It makes perfect sense to recruit the entire workforce to help in the battle to counter the threat of terrorism, but will a CT vigilance role mean staff need an SIA Licence?


Terrorism – The Threat Level is Severe – An Attack is Highly Likely

A key component of any CT measures is ensuring ALL staff are aware of:

  • The risk of acts of terrorism (and the National Threat Level)
  • How terrorism might be likely to take place at the particular location
  • The potential for ‘hostile reconnaissance’ to precede incidents
  • How to ‘profile’ suspicious people/actions
  • The need to report suspicions/concerns early.
  • Who to report to and how to report to them.

The more ‘eyes’ the better. Right?

It makes perfect sense to recruit the entire workforce to help in the battle to counter the threat of terrorism.

However, consider this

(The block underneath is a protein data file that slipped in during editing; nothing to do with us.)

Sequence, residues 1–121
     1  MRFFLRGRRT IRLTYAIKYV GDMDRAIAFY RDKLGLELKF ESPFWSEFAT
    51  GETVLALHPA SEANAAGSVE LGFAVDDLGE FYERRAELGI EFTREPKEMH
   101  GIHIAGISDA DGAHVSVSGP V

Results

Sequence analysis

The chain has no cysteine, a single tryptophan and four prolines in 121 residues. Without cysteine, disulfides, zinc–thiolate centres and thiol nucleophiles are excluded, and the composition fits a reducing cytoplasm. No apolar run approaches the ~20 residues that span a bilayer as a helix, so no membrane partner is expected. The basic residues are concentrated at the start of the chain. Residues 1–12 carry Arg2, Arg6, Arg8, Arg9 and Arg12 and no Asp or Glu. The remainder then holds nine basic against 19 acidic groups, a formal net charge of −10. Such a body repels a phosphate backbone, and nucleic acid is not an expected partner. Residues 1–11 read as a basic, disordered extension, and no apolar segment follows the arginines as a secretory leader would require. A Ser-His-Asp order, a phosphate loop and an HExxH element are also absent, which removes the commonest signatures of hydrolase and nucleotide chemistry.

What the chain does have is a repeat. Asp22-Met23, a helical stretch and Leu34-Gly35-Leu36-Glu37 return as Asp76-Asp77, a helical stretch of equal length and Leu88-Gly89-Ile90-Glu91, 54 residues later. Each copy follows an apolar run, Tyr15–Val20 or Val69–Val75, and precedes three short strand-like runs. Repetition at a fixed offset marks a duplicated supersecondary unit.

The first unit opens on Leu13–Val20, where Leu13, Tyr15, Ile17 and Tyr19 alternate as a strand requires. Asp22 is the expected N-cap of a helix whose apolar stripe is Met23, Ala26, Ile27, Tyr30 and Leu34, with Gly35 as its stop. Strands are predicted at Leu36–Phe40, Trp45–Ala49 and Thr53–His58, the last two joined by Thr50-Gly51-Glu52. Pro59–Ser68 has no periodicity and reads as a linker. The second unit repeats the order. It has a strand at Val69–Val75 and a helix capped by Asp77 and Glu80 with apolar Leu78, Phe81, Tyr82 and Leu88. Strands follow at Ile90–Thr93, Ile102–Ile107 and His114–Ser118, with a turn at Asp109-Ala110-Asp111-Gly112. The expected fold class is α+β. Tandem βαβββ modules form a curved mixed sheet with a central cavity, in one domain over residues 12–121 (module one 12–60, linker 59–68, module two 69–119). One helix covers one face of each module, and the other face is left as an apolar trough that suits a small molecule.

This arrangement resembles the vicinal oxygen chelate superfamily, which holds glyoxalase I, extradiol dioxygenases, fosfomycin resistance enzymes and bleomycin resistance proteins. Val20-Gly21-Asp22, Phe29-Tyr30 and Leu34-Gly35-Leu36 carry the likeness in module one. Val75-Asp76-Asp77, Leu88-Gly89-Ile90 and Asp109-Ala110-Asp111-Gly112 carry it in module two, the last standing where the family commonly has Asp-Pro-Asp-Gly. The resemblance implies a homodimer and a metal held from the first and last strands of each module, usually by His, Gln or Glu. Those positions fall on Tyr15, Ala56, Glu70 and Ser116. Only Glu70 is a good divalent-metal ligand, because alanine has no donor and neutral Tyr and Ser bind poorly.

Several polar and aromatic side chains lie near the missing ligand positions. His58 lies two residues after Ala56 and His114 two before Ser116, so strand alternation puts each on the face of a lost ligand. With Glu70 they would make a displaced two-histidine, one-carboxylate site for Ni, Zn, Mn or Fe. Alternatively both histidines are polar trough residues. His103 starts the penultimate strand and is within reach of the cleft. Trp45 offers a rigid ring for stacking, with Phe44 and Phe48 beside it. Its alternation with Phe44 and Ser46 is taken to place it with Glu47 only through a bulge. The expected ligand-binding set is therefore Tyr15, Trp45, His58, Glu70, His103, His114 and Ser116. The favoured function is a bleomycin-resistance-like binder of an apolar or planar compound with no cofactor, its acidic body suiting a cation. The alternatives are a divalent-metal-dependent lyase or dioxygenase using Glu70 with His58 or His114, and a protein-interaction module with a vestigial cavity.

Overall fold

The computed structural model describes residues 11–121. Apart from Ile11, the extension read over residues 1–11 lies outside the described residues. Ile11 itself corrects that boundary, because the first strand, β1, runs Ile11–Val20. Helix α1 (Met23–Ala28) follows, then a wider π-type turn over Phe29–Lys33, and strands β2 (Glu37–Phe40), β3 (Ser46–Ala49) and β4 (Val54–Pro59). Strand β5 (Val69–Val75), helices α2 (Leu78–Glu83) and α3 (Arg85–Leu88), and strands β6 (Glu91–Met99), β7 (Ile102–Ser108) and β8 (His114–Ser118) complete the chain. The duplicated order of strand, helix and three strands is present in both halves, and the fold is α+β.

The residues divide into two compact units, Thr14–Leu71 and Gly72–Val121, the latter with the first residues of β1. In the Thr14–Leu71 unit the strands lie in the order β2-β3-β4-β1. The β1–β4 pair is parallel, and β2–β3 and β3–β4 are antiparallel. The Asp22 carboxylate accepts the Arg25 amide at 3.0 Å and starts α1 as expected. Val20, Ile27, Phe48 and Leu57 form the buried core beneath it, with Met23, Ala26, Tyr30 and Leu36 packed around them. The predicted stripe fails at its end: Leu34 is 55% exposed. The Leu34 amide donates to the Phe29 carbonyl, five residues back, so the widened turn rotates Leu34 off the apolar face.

If the people who are going to carry out a ‘CT vigilance’ role (along with their primary function e.g. Stewards, Bar staff, cleaners, etc.,) have been hired in (i.e. not employed in house), then, by virtue of the Private Security Industry Act 2001, they will be carrying out a ‘Licensable Activity’, which would require them to hold a current SIA Licence.

Now, although it has very recently highlighted that bag checking/searching is a ‘Licensable Activity’ requiring operatives to be SIA Licence holders, the Manchester Arena Inquiry has, so far at least, chosen not to recognise this. Nevertheless, the interpretation above is unarguable given the wording in the definition of Manned Guarding activities sitting there in black and white as an Act of Parliament.

When it is finally recognised, the additional expense of providing SIA Licensed operatives will be very unwelcome to venue owners who, on past experience, may well choose to avoid paying it altogether by not involving all staff in the CT measures – and that will inevitably compromise everyone’s safety!

So, is it time to re-write the law?

Or, should we all just keep quiet about what we know and carry on?

Image shows the Private Security Industry Act 2001